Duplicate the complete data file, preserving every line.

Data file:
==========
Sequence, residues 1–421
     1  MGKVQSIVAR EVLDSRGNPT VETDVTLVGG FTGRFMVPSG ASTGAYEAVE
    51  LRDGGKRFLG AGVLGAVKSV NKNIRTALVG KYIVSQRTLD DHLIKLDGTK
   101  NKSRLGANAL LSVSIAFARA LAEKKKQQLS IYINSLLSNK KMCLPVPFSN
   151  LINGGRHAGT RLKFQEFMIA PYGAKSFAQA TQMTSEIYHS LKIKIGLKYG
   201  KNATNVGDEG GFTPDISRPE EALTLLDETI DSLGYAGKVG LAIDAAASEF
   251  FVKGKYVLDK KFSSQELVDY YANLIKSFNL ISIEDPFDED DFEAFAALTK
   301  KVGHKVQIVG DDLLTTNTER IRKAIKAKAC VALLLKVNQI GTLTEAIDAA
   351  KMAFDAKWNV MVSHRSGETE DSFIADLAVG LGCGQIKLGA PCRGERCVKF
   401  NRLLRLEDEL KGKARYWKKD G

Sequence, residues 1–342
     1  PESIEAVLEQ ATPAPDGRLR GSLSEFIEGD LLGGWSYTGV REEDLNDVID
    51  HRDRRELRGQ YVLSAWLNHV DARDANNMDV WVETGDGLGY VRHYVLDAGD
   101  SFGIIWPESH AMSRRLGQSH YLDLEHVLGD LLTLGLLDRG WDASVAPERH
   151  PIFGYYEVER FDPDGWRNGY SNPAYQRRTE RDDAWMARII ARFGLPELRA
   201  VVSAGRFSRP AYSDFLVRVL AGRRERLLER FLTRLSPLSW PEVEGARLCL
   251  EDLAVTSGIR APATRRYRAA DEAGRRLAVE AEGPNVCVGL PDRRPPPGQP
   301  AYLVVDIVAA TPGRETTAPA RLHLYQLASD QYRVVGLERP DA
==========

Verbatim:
Sequence, residues 1–421
     1  MGKVQSIVAR EVLDSRGNPT VETDVTLVGG FTGRFMVPSG ASTGAYEAVE
    51  LRDGGKRFLG AGVLGAVKSV NKNIRTALVG KYIVSQRTLD DHLIKLDGTK
   101  NKSRLGANAL LSVSIAFARA LAEKKKQQLS IYINSLLSNK KMCLPVPFSN
   151  LINGGRHAGT RLKFQEFMIA PYGAKSFAQA TQMTSEIYHS LKIKIGLKYG
   201  KNATNVGDEG GFTPDISRPE EALTLLDETI DSLGYAGKVG LAIDAAASEF
   251  FVKGKYVLDK KFSSQELVDY YANLIKSFNL ISIEDPFDED DFEAFAALTK
   301  KVGHKVQIVG DDLLTTNTER IRKAIKAKAC VALLLKVNQI GTLTEAIDAA
   351  KMAFDAKWNV MVSHRSGETE DSFIADLAVG LGCGQIKLGA PCRGERCVKF
   401  NRLLRLEDEL KGKARYWKKD G

Sequence, residues 1–342
     1  PESIEAVLEQ ATPAPDGRLR GSLSEFIEGD LLGGWSYTGV REEDLNDVID
    51  HRDRRELRGQ YVLSAWLNHV DARDANNMDV WVETGDGLGY VRHYVLDAGD
   101  SFGIIWPESH AMSRRLGQSH YLDLEHVLGD LLTLGLLDRG WDASVAPERH
   151  PIFGYYEVER FDPDGWRNGY SNPAYQRRTE RDDAWMARII ARFGLPELRA
   201  VVSAGRFSRP AYSDFLVRVL AGRRERLLER FLTRLSPLSW PEVEGARLCL
   251  EDLAVTSGIR APATRRYRAA DEAGRRLAVE AEGPNVCVGL PDRRPPPGQP
   301  AYLVVDIVAA TPGRETTAPA RLHLYQLASD QYRVVGLERP DA